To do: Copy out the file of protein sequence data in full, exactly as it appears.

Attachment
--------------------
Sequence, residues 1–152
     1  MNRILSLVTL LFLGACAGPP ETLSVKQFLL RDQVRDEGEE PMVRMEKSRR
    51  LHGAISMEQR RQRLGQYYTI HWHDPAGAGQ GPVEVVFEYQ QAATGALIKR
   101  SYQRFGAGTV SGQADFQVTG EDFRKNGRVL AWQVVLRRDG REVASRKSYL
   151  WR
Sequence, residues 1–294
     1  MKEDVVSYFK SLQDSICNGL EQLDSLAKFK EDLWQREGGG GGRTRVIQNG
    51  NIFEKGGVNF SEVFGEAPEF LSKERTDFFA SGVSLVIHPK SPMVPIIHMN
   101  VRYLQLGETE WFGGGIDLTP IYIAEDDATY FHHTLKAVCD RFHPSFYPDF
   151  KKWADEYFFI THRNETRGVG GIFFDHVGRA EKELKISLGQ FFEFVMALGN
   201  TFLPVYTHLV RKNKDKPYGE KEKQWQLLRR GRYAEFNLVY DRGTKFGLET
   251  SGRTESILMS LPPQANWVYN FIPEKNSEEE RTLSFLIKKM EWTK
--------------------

Sequence, residues 1–152
     1  MNRILSLVTL LFLGACAGPP ETLSVKQFLL RDQVRDEGEE PMVRMEKSRR
    51  LHGAISMEQR RQRLGQYYTI HWHDPAGAGQ GPVEVVFEYQ QAATGALIKR
   101  SYQRFGAGTV SGQADFQVTG EDFRKNGRVL AWQVVLRRDG REVASRKSYL
   151  WR
Sequence, residues 1–294
     1  MKEDVVSYFK SLQDSICNGL EQLDSLAKFK EDLWQREGGG GGRTRVIQNG
    51  NIFEKGGVNF SEVFGEAPEF LSKERTDFFA SGVSLVIHPK SPMVPIIHMN
   101  VRYLQLGETE WFGGGIDLTP IYIAEDDATY FHHTLKAVCD RFHPSFYPDF
   151  KKWADEYFFI THRNETRGVG GIFFDHVGRA EKELKISLGQ FFEFVMALGN
   201  TFLPVYTHLV RKNKDKPYGE KEKQWQLLRR GRYAEFNLVY DRGTKFGLET
   251  SGRTESILMS LPPQANWVYN FIPEKNSEEE RTLSFLIKKM EWTK